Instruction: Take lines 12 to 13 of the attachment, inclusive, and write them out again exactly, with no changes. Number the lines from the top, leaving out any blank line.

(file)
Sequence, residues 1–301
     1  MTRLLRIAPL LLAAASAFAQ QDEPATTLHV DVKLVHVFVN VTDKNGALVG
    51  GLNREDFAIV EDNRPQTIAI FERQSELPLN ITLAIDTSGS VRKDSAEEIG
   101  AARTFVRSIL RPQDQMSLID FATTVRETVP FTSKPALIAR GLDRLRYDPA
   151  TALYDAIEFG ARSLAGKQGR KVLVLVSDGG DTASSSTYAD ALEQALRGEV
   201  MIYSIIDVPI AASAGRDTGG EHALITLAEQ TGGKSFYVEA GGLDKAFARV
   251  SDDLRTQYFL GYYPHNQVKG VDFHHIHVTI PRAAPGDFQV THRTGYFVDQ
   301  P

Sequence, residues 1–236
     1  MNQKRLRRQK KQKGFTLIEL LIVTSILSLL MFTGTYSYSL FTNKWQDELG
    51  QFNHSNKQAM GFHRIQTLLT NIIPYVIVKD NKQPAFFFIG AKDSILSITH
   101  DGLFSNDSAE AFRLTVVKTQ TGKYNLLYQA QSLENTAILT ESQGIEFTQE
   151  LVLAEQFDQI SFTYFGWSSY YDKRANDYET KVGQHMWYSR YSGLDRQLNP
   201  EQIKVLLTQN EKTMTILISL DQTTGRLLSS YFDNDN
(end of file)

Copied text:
   101  DGLFSNDSAE AFRLTVVKTQ TGKYNLLYQA QSLENTAILT ESQGIEFTQE
   151  LVLAEQFDQI SFTYFGWSSY YDKRANDYET KVGQHMWYSR YSGLDRQLNP